Right before the show opened, Newsletter Editor Gabe Cohn ‘16 sat down with Macbeth cast members Evy Yergan ’15 (Malca), Woodrow Proctor ’16 (Macbeth), Madeleine Emerick ’16 (Macduff/Assistant Fight Choreographer), Zachary Cohn ’16 (Lennox), and Rigel Harris ’16 (Lady Macbeth) to discuss the process of bringing Holly L. Derr’s gender-bent take on the “Scottish Play” to life.
What does a typical rehearsal look like?
Evy: Sometimes we start rehearsal off by doing planks.
Woodrow: It’s vicious.
Rigel: Well, usually it’s just viewpoint exercises.
Madeleine: We’ve been doing scene work in chunks, so the people who are in that chunk of the text will be called into rehearsal. Sundays are fight rehearsals. We started by going over very basic fight moves with the entire cast—punches, kicks, slaps, how to fall to the ground safely…
Rigel: …Day-to-day life.
Madeleine: (laughs) Then we moved towards choreographing the various fights we have in the show.
Does choreographing fight for Shakespeare differ from choreographing fight for a more contemporary play?
Madeleine: Generally you wouldn’t find the kinds of weapons that we’re using in a more modern play. Macbeth really runs the gamut of getting in intimate moments of violence—whether it’s just a slap or a more heart-wrenching murder—and also having those big battle sequences. Swords, chains…Macbeth is pretty unique in the wide variety of stuff you get to see in its world of violence.
How have your past experiences with Shakespeare influenced your approaches to the process?
Zachary: I’ve had a bunch of previous Shakespeare experience and training—me and Maddy were at Shakespeare & Company together, which we never tire of mentioning and which everyone around us tires of hearing every time we mention it.
Madeleine: Love you.
Zachary: The Shakespeare & Company approach to doing Shakespeare is very centered around relaxation and sort of allowing the words to enter your body and then exit—it’s not without intention, but it is very focused on being relaxed enough to contain these extraordinary extremes of passion, love, and violence in yourself and allowing your voice to express them. With this process I’ve found myself having to fold that into Holly’s method of doing Shakespeare, which is very outside-in and physical, involving a lot of gestural work. I’ve tried to find a balance between relaxing enough that I can actually embody the words but being present and expressive enough that this very physical staging works.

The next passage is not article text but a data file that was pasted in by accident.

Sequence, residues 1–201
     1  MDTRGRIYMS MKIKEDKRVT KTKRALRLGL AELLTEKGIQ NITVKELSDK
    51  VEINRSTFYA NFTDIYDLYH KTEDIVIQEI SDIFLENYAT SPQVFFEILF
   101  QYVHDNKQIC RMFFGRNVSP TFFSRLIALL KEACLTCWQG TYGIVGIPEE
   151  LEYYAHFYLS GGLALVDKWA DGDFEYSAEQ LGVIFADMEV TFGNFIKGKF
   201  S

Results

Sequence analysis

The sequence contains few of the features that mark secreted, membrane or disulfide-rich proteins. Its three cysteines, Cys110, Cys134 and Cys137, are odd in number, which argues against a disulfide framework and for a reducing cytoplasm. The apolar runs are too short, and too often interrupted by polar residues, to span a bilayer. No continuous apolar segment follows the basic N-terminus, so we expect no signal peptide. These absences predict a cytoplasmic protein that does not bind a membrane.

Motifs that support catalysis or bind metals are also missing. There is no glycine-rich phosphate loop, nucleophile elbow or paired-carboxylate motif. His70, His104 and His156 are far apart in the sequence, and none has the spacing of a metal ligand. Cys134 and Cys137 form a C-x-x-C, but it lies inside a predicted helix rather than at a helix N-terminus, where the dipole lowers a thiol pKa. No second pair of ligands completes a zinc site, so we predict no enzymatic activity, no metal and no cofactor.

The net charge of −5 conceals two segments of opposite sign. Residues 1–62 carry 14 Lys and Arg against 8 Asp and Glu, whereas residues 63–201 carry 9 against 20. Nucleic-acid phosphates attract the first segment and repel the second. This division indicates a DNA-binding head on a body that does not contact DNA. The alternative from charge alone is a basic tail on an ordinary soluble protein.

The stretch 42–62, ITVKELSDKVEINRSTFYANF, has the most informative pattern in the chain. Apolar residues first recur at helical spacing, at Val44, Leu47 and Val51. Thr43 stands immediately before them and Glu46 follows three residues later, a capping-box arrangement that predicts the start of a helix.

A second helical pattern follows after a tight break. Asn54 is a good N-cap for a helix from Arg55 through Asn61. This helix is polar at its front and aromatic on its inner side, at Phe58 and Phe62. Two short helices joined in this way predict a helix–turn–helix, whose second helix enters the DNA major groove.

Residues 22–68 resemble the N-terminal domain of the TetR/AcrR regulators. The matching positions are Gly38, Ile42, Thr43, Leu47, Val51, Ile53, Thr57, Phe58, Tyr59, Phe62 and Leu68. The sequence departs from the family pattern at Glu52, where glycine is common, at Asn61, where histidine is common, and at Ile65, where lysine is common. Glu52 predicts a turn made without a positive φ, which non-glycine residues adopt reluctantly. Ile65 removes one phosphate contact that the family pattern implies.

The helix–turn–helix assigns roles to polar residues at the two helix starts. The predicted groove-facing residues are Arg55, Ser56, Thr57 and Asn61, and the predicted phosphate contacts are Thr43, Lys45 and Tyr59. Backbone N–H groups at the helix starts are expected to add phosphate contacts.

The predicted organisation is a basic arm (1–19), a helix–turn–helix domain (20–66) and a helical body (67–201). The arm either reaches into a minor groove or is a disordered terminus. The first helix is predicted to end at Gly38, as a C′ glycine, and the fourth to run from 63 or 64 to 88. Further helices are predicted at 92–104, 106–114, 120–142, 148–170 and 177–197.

Woodrow: I’ve been very much motivated by thinking about my experience with Shakespeare as an audience member during my time abroad in London. I saw several shows, a few at Shakespeare’s Globe in London and a few at the Royal Shakespeare Company in Stratford-upon-Avon, and I was just awestruck at the way that those actors approached it. One thing that Holly keeps pushing us to do is to to really look at the audience, to not just generalize and point focus in random directions, but to look at the people in the audience. That’s something that I remember being so moving and engaging when I was watching Shakespeare [in England] is that you really feel connected to the people on stage. They’re speaking to you and they really want to communicate.
Rigel, you were also in London and studied Shakespeare there, do you think that experience comes in for you as well?
Rigel: Yeah, definitely. Something that I learned in London that I wasn’t really aware of as much beforehand was that so much of what you’re doing with his words, he’s already laid out for you in the text. It made me pay attention to punctuation in a way that I really hadn’t before. And I would say that that’s one of the bigger things for me. I saw this production of Henry IV while I was there—it was an all-female cast set in a women’s prison—and it was really incredible for me to see a very epic story told in a very small space. Completely unglamorous. Watching Shakespearean text that has been given a new, modern concept or venue showcases the strength of the text and how well it can function in any setting.
Evy, you’re playing Malca, a feminized version of Shakespeare’s Malcolm. How has the reversed gender of that character influenced the way you’ve approached the role?
Evy: It changes the storyline. That Duncan is passing on his crown is a new and unheard of thing in Scotland in the original play, but in this interpretation not only is Duncan announcing an heir, he’s announcing a female heir, so that tension is a part of the plot and also a part of my character as a young woman who is thrown into an unusual amount of power in the midst of tragedy. She goes from being a young princess to coming to power, and does it all in a typically “feminine” way. Which is all part of the character, and all great fun.
What will audiences coming into the show find most surprising?
Rigel: Well I think certainly this whole rise of matriarchy idea. But I think they’ll find that it does lend itself to the play. Also, the concept of space and time that we’re playing with.
Zachary: There’s a very surprising broom.
Madeleine: We can’t divulge everything.
Gabe Cohn is a senior English major and Editor-In-Chief of the Living Newsletter. He has also recently contributed to Saratoga Living and Nippertown.